It was almost dark. I was fishing a black topwater chugger of some kind, about three inches long. But it was light enough to see the fish take it, and there wasn’t any doubt he was big and strong. I questioned for a moment whether I’d get to see him or not.
Fish like to move and feed during the evening of an early summer day. It had been fairly hot earlier, but the fishing had been good, and the water was cool. I had already landed and released one big smallmouth, about 19 inches in length, and I figured the one I had ahold of would beat that one. We were paddling up a big eddy in the river off in the middle of nowhere, and were almost to the shoal which fed it. There was the increasing current, six or eight feet of water and big rocks well out into the river with weeds along the bank. Of course a big smallmouth would be there, and he just engulfed that topwater lure about halfway between my boat and the bank. He stripped line against the drag, but I had 12-pound line on that casting reel, and I figured I would land him if the hooks held, and they did.
For quite some time he bore deep, and bent my light rod to a breaking point as he went beneath the boat. He did that twice, and I strained against him to bring him back. Finally he made one half-hearted jump, and I could see he was everything I guessed him to be… one of the biggest Ozark stream smallmouth I have ever taken. My partner waited with a net, and even before the fish was finished fighting, he slipped it beneath the big brownie and the fight continued in the bottom of my boat. We got some good pictures, thanks to the flash unit, and I measured him and bid him farewell, releasing him back into the current that had been his home for a long time. It takes several years for a smallmouth to reach his size, 21 inches and about four-and-a-half pounds. There’s a chance he will eventually exceed five pounds.
Few fishermen will ever be a threat to him, because he lives in a place where no one tarries much past mid-day. It is not a stretch of river on which the canoe rental people have operated, and it is far from any put-in or take-out point. Serious fishermen don’t get there often late in the day when summer smallmouth feed ravenously. To be there late in the evening, or at first light of dawn, when the air is cool and columns of mist rise from the river, you need to float down, set up a mid-afternoon camp and spend the night there. In mid-summer, when the river is low, there is an art to doing that. You can’t load a boat or canoe with heavy gear and cover miles of water. You have to be something of a back-packer in a canoe.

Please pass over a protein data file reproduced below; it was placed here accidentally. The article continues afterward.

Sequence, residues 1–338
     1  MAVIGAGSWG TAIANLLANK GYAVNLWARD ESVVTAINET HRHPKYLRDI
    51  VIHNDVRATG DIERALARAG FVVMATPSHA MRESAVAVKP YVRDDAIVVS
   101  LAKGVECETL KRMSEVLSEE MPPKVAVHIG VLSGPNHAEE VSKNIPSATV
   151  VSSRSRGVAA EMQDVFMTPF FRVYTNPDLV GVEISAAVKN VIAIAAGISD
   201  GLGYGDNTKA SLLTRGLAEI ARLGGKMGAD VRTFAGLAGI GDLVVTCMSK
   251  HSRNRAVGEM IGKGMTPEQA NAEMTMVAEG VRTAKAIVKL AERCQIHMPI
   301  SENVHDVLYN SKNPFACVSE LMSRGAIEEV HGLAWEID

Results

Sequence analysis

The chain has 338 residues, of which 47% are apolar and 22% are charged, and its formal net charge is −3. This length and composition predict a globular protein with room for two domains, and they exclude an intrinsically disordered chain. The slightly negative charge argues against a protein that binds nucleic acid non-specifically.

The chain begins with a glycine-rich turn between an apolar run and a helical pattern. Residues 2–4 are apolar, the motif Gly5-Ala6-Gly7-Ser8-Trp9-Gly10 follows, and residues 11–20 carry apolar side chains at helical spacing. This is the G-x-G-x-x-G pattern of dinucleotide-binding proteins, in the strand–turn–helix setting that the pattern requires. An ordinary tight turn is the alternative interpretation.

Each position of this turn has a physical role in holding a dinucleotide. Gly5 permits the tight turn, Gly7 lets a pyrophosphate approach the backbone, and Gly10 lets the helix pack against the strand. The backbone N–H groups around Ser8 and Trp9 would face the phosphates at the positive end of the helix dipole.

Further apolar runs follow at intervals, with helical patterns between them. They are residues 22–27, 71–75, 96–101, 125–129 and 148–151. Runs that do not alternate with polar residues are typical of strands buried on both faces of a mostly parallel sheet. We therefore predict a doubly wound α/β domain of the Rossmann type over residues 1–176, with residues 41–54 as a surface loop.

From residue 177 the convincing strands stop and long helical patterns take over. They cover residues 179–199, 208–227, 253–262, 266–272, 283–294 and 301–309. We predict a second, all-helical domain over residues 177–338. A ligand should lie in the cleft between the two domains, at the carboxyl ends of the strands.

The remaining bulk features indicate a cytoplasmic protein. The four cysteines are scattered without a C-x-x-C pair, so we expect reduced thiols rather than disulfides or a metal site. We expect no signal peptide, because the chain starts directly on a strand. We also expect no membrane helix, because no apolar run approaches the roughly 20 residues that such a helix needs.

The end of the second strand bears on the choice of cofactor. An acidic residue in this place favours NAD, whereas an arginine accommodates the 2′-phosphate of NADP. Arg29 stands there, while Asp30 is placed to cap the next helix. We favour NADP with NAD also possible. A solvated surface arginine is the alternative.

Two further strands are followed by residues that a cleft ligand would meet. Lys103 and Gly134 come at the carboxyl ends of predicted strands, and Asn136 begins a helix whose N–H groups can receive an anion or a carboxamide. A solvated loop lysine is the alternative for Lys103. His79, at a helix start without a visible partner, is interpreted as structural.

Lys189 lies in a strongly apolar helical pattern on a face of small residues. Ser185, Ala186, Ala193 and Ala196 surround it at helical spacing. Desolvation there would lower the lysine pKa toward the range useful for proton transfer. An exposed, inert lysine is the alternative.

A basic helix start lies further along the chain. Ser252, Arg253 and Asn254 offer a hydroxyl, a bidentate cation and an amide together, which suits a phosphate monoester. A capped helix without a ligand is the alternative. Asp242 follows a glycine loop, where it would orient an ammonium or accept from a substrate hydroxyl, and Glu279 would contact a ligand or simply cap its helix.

First of all, I tell serious fishermen to forget the 17-foot canoe, unless it is a square-sterned version with several inches more width than a double-ender, and much more stability because of it. My choice for any Ozark stream fishing is an 18 to 19-foot square-stern canoe, or a 16 to 17-foot aluminum river johnboat, and both are hard to come by. But both are easy to handle and stable.
I don’t like sleeping on hard gravel bars as I did when I was younger, so I take a small light tent, a very light sleeping bag or blanket and pack it all in one waterproof bag. Most important is a small air mattress, a tough one… one of those which doesn’t easily puncture or leak, and a little battery operated air pump. There’s very little weight in that pack. In another small waterproof bag… rain gear, a change of dry clothes and dry footwear. Again, not much weight. In a cooler, stash a frozen milk carton or two, so that as it melts, you can drink the water. And bring extra water in another container. Put a variety of food in that cooler for two lunches, dinner and one breakfast. Use your head… instead of cartons of eggs, break two or three eggs for each fisherman, into a ziplock bag. You can fill the bag with chunks of ham, cheese, peppers, onions, whatever. Bring along a camp cooking kit and fry it. If you want, you can fry potatoes and fish, or take cans of beef stew. You figure out how you want to eat, but plan it, and take as little as you can. Add to it a light camp stove, an extra paddle, two good rods and tackle, and a camera box. Spend the night somewhere on a lonely Ozark river where there’s not a sound but the bullfrogs and the owls and the splash of feeding fish during the night.
I catch lots of big smallmouth, they are the fish I love to fish for. Now you know how and where. In late spring and early summer, that early and late river fishing seems to be at its best. And it is so quiet and peaceful. I get sick of hearing outboard motors on our reservoirs, and no matter how good the fishing is, it doesn’t compare to what I find on the rivers where smallmouth lurk. But you have to work a little to get there, and to make it all come together.
On the river, even those where the hollering, banging greenhorn canoeists hurry through in the heat of mid-day, all is quiet at dusk, except for the sound of a topwater lure, and a smallmouth busting it with everything he’s got. And I can eat well, sleep well and get back at ‘em at first light.
I wrote a book a few years back all about rivers and fishing and camping and everything unique about the streams, with lots of history and nature. The name of it is “Rivers to Run,– swift water, sycamores and smallmouth bass.” If you are a fan of rivers, or want to learn more about rivers and how to enjoy them I think you’ll like it.
It is a big book, 374 pages with many of pictures. In it is the plans for building a couple of types of wooden river johnboats. If you find it in bookstores it sells for $15.95 but you can get an autographed inscribed copy from us for $12.95 and we’ll pay the postage.
My address is Box 22, Bolivar, Mo. 65613.